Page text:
Protect Your Project with a Media Release Form by Crystal Everson, J.D.

Protect Your Project with a Media Release Form

It is always best to get a signed media released form, even if you are not sure you will publish someone's likeness. The time and effort it takes are minimal compared with the legal hot water you could find yourself in if you don't.

by Crystal Everson, J.D.
updated December 23, 2019 · 2 min read

Whether you are on a professional shoot with your high-quality camera or just using your cell phone, you should acquaint yourself with the inner workings of a media release form before you push that shutter button. You don't want to be in a position where you have snapped the perfect shot but forgot to have your subject give you permission to actually use it. Start making media release forms part of your pre-shoot preparation.

Protect Your Project with a Media Release Form

Privacy and Publicity Laws

The difference between privacy and publicity laws is not always clear. Privacy laws address where and when you can capture a person's likeness. Publicity laws govern how their likeness can be used.

Whether you are a professional or amateur photographer or videographer, you probably already know that you cannot go onto private property to take a photo or recording of someone without their permission. What may not be clear is that you cannot take pictures, videos or voice recordings of someone who is inside a private residence or area, even if you are standing on a public street looking in. When people are in public spaces and out in the open, privacy laws do not apply, so you do not need permission to capture anyone's likeness.

Once you have snapped your photo or recorded your video, you may keep it and use it for editorial purposes. This means that you can publish someone's likeness when you are doing so for an educational, informational or newsworthy reason. However, you do need permission to publish when it is for commercial gain. Everyone has the right to control the use of their likeness when that use is for the benefit of someone else. This is known as the right of publicity, and laws vary from state to state.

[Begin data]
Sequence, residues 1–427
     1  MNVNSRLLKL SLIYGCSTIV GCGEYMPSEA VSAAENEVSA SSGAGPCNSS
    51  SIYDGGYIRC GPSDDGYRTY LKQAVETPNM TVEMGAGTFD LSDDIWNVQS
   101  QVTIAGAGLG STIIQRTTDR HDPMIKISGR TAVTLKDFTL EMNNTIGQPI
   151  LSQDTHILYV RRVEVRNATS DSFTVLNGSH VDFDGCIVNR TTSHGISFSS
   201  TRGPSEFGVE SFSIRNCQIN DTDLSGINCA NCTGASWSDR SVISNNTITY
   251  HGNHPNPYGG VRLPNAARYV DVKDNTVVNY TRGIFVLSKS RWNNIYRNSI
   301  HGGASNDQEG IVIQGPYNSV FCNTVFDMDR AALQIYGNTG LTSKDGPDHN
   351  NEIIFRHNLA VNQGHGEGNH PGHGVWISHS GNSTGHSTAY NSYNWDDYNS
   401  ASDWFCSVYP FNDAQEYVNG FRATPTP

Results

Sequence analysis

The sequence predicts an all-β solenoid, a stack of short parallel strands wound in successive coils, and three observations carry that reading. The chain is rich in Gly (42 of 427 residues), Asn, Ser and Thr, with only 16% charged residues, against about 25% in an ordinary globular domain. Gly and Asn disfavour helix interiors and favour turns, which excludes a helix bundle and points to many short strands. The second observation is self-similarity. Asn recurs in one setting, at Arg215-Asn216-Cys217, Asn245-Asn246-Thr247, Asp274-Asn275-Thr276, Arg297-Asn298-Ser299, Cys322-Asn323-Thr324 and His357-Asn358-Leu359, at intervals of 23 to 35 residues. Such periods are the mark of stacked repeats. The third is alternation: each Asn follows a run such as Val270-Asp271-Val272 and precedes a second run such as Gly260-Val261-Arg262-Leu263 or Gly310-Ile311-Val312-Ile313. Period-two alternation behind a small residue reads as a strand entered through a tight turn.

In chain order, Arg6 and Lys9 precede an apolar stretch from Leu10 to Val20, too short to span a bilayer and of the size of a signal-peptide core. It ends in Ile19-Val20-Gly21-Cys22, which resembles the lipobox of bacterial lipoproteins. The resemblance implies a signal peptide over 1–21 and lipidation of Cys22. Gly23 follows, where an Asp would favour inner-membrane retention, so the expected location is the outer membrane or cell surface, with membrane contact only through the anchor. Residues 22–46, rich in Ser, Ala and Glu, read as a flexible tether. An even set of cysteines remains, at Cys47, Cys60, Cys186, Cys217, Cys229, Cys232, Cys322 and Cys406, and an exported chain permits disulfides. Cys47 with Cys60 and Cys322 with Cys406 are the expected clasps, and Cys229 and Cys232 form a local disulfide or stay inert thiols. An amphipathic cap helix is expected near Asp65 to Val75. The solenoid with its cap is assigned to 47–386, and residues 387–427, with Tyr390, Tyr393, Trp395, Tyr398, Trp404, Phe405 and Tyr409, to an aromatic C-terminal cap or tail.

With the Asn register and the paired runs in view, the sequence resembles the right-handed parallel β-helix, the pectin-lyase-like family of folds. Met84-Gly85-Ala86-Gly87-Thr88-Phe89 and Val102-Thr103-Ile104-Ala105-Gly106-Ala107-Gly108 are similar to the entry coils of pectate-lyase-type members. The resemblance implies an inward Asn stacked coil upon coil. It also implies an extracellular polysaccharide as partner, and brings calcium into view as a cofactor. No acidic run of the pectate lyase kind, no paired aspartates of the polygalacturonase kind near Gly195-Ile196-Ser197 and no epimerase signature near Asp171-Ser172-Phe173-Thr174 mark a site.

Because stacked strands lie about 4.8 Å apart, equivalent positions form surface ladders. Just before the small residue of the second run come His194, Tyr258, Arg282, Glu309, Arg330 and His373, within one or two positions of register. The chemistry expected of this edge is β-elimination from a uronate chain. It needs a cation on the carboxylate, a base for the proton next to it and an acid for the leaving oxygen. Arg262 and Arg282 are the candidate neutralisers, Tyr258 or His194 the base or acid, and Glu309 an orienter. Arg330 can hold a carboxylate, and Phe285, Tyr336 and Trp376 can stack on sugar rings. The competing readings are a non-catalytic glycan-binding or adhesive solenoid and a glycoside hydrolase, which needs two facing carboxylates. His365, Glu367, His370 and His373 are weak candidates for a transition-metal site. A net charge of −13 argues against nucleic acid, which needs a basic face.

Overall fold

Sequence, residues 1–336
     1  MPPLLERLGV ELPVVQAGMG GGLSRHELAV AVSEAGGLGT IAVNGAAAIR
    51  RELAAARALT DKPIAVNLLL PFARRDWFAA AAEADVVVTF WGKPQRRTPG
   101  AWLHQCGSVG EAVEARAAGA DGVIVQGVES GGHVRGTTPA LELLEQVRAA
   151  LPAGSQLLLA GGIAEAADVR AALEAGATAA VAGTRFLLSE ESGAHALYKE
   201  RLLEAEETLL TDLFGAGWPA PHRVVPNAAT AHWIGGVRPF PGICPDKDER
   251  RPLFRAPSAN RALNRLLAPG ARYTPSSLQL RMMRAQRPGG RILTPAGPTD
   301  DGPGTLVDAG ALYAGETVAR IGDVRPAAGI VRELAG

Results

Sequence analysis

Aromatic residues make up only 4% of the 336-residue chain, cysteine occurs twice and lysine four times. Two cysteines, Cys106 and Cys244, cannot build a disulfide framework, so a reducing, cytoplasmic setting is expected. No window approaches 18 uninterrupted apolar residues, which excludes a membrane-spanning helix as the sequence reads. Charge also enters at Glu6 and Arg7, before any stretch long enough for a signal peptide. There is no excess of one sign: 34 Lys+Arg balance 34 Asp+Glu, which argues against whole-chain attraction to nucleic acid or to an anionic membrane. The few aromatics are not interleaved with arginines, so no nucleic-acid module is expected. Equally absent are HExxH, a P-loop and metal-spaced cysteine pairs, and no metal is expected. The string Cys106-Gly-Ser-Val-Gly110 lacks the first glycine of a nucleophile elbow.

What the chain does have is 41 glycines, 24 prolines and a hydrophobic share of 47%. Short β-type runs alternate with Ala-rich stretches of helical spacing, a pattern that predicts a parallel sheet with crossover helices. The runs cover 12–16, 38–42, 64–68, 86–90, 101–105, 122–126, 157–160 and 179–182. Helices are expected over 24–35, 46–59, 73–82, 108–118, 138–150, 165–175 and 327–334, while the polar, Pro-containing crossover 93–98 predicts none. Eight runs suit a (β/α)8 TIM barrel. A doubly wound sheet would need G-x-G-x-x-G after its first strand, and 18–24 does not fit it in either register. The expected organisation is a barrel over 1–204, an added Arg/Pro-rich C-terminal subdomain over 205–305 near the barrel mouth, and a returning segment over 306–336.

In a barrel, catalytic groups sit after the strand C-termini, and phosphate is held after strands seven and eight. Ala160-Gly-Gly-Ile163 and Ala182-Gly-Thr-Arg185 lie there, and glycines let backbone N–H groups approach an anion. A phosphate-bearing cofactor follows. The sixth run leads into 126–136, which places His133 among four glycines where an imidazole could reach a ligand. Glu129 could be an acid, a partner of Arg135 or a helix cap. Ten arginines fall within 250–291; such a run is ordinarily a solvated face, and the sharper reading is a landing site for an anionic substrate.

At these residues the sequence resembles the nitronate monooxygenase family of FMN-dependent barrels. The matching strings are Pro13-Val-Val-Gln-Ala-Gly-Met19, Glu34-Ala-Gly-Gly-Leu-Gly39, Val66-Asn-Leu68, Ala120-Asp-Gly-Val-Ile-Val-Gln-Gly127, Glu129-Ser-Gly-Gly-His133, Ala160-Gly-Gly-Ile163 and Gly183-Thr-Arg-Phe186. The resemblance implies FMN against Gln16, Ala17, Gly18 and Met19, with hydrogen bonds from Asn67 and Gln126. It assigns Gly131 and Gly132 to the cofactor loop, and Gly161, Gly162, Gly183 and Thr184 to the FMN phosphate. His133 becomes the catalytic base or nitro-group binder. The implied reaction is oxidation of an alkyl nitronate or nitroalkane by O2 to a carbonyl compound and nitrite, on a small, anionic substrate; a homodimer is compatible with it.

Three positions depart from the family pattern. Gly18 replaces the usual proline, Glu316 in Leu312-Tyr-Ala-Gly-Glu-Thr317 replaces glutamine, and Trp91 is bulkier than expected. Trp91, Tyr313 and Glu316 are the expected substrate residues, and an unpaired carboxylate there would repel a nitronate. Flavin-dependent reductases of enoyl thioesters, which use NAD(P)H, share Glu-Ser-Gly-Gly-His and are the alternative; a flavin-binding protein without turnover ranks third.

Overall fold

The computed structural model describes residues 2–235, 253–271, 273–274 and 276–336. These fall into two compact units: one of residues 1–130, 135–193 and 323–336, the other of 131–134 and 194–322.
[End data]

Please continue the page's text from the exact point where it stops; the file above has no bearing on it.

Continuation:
When and How to Use a Media Release Form

If by publishing someone's likeness you will benefit in any commercial capacity, you will need written permission. Their likeness includes their image, drawing, painting, voice or name. Publishing for commercial use means that you are using a person's likeness to promote ideas, products or services. This includes images you are selling, want to post on your website, are promoting your services and, most certainly, anything that will be used for advertising.

A model release form provides the means for your subject to give their permission for publication. If your subject is a minor, a parent or guardian will have to sign a release form for minors. By signing a release form, the subject waives their right to control, edit or approve the usage of their likeness for the photo(s) covered in the agreement. They are also waiving any rights to royalties or compensation that would result from the publication of their likeness.

In short, planning ahead and having a signed media release form will always work in your favor.

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Crystal Everson, J.D.

About the Author

Crystal Everson, J.D.

Crystal Everson was admitted to the state bar of New York and has since retired from the practice of law. She holds a Ju… Read more